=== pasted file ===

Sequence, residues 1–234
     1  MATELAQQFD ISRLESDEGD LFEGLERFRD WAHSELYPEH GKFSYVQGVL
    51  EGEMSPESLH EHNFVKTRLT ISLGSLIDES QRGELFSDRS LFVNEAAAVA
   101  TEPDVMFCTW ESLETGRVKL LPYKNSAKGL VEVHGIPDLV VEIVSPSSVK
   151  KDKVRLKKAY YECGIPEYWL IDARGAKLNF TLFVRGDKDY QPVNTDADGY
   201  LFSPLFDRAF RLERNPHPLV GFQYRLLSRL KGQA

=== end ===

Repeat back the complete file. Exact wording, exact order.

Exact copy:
Sequence, residues 1–234
     1  MATELAQQFD ISRLESDEGD LFEGLERFRD WAHSELYPEH GKFSYVQGVL
    51  EGEMSPESLH EHNFVKTRLT ISLGSLIDES QRGELFSDRS LFVNEAAAVA
   101  TEPDVMFCTW ESLETGRVKL LPYKNSAKGL VEVHGIPDLV VEIVSPSSVK
   151  KDKVRLKKAY YECGIPEYWL IDARGAKLNF TLFVRGDKDY QPVNTDADGY
   201  LFSPLFDRAF RLERNPHPLV GFQYRLLSRL KGQA